This is an interesting case where the second that the vulnerability got announced, we were able to identify exploitation attempts coming from attackers around the world. Community Defense was able to mitigate the threat early on and keep our clients safe.

A Wild CVE is on the Prowl

On June 6 the “Parallels Plesk Panel phppath/php vulnerability” was publicly disclosed. According to Parallels and The Vulnerability Notes Database:

“Parallels Plesk Panel versions 9.0–9.2.3 on Linux platforms may be exploited by a combination of CVE-2012-1823 and the Plesk phppath script alias usage. There have been reports that this vulnerability is being exploited in the wild.”

In case you don’t know, CVE-2012-1823 is a vulnerability in php-cgi, enabling remote attackers to execute arbitrary code by placing command-line options in the query string. For example, if the URL is requested and php is configured to work in cgi mode, then a remote attacker can set php.ini security directives and execute arbitrary PHP code.

The “Plesk phppath script alias” relates to a php-cgi configuration directive on the web server — namely, ScriptAlias /phppath/ "/usr/bin/" — which tells the web server that any request for a resource beginning with /phppath/ should be served from the directory /usr/bin/ and treated as a CGI program.

Now if the URL is requested, the web server will attempt to execute the file /usr/bin/php and return the output. And since /usr/bin/php is a default PHP path and the file is executable, the php interpreter is called directly.

By exploiting the combination of these two vulnerabilities, a remote unauthenticated attacker can run arbitrary code under the context of the web server user.

Capturing the CVE in action

Imperva has seen this vulnerability exploited in the wild. An example is shown below in Figure 1. The attacker sends a specially crafted HTTP request to the URL /phppath/php of the vulnerable web application. Here are the names of the parameters in the request’s body:

  • Set PHP environment flags, as described in CVE-2012-1823
  • Execute shell commands on the attacked server via PHP (using the PHP security bypass created by the environment flags). The shell commands can, for example, download and install a shell environment controlled by the attacker.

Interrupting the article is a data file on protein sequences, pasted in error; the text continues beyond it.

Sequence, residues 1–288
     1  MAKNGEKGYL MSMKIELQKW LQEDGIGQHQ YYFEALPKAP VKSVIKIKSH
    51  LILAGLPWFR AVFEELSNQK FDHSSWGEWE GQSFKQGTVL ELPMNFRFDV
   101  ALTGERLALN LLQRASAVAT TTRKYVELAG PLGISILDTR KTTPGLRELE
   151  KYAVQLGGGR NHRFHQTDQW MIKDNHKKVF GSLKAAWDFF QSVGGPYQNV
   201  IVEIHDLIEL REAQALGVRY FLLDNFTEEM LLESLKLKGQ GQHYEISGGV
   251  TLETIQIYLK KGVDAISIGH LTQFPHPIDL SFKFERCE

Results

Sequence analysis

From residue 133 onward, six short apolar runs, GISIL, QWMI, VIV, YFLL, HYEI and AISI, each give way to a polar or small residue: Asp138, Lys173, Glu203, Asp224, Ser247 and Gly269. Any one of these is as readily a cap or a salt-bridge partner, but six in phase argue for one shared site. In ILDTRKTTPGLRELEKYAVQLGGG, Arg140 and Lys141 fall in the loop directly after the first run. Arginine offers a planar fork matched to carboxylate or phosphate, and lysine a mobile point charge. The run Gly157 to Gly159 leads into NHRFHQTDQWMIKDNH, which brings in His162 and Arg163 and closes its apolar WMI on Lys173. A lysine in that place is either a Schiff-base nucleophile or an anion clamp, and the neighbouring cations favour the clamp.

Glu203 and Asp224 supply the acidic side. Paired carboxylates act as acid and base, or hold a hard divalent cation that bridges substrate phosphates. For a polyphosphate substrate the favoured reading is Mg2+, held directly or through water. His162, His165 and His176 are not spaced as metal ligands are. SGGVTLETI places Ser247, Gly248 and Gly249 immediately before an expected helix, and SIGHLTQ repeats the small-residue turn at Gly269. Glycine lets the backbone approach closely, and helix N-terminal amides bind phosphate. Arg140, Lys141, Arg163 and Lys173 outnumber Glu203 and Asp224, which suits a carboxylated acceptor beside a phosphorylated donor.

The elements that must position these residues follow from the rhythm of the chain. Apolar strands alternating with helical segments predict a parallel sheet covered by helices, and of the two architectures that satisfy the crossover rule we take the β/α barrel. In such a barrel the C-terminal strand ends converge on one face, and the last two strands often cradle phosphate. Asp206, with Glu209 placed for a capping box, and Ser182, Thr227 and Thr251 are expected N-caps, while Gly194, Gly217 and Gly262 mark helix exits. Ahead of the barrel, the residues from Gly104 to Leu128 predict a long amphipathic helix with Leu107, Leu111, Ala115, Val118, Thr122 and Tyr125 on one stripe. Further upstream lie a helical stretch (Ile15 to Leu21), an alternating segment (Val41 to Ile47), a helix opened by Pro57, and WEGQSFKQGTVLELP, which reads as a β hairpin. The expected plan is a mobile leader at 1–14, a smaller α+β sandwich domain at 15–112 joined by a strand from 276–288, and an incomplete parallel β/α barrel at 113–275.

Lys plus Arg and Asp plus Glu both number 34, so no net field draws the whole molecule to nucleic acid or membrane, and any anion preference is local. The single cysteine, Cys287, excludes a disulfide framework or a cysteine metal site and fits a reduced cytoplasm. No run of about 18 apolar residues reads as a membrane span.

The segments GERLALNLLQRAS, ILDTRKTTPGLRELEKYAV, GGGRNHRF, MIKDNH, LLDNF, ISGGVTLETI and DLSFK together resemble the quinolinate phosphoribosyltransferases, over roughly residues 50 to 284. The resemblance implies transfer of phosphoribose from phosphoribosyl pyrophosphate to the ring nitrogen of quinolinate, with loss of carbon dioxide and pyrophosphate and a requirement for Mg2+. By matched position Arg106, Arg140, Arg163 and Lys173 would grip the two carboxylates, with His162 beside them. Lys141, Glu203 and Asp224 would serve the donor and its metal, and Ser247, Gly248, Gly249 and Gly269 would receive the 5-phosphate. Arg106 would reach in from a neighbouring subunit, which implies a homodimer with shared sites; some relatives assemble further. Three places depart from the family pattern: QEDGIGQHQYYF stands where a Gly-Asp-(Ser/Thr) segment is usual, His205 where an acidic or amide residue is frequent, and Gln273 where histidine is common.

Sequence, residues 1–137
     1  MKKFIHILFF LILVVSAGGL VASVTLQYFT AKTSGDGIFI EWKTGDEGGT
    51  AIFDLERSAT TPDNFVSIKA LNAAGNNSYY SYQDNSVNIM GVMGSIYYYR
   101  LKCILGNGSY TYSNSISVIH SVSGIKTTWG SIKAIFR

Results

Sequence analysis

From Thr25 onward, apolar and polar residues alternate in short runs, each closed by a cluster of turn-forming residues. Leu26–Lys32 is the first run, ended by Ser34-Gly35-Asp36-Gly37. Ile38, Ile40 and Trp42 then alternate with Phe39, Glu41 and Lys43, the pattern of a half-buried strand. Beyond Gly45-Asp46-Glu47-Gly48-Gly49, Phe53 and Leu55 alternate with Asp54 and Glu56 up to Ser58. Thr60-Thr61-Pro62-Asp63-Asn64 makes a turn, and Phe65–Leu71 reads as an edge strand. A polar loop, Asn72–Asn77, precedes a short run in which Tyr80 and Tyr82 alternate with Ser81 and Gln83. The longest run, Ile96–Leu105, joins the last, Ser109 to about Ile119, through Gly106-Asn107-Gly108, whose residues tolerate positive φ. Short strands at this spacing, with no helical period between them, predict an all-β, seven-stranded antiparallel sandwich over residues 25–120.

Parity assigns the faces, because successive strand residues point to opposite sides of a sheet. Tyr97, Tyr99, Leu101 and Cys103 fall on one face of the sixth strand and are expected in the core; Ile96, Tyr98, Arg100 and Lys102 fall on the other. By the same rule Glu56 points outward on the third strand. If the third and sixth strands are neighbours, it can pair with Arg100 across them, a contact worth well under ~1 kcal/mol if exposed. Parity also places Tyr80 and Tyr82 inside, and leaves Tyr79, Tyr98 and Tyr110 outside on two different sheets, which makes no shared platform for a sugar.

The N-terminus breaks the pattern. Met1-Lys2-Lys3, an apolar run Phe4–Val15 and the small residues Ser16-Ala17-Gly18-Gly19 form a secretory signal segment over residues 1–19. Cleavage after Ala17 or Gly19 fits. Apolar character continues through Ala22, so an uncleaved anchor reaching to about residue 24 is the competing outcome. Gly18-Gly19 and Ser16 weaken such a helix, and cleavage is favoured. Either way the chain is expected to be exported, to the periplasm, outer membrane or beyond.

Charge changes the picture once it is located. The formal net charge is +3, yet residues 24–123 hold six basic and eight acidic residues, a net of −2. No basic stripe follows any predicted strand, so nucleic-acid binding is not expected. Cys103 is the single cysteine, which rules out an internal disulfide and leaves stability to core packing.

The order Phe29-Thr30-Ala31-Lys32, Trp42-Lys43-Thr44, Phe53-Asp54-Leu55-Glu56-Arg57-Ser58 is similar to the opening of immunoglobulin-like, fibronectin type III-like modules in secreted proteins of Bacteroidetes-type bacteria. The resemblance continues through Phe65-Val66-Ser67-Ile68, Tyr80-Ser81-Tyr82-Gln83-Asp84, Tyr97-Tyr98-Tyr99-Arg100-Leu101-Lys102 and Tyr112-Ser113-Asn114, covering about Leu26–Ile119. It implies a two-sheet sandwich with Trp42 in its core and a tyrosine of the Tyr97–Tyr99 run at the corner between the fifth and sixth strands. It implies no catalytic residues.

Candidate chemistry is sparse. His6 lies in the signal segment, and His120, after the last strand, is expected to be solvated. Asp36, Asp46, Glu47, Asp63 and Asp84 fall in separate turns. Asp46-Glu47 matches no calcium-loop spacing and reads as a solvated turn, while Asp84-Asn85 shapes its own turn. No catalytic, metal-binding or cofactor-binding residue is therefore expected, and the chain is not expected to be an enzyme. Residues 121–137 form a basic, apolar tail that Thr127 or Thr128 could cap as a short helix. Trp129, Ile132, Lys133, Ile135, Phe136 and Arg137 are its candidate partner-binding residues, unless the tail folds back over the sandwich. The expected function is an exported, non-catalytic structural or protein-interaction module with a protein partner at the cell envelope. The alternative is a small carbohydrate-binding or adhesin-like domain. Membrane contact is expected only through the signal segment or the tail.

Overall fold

The attacks we observed very nearly coincided with the disclosure of the vulnerability, as can be seen in Figure 2. Many web applications were repeatedly attacked every few hours using this vulnerability over a long period of time (Figure 4).

As we’ve seen before, a single web application can be targeted by multiple attack sources (according to their IP addresses). At the same time, a single attack source can target multiple potentially vulnerable applications. Figure 4 illustrates the complex relationship between attackers and targets.

A similar relationship exists between attackers and injected shell URLs (Figure 5). A successful exploit of the vulnerability downloads a malicious shell code and executes it on the web server. ADC has also seen that URLs from which malicious shell codes are downloaded are used by more than one attacker and originating in more than one geo location.

As is often the case for this type of malware, it’s written in Perl and remotely controlled by the attacker using an IRC channel.  One of the commands the controller can issue to the shell that runs on a compromised server is to look for other vulnerable web applications, in order to virally spread itself on the web.


Figure 1: Sample of attack exploiting the vulnerability

Figure 2: HTTP traffic exploiting the vulnerability (each target application marked with a different color)


Figure 3: HTTP traffic exploiting the vulnerability targeting 4 sample web applications


Figure 4: Attackers (in red) and targets (web applications, in green) during 23/6-30/6


Figure 5: Sample of attackers and injected URLs during 23-29/6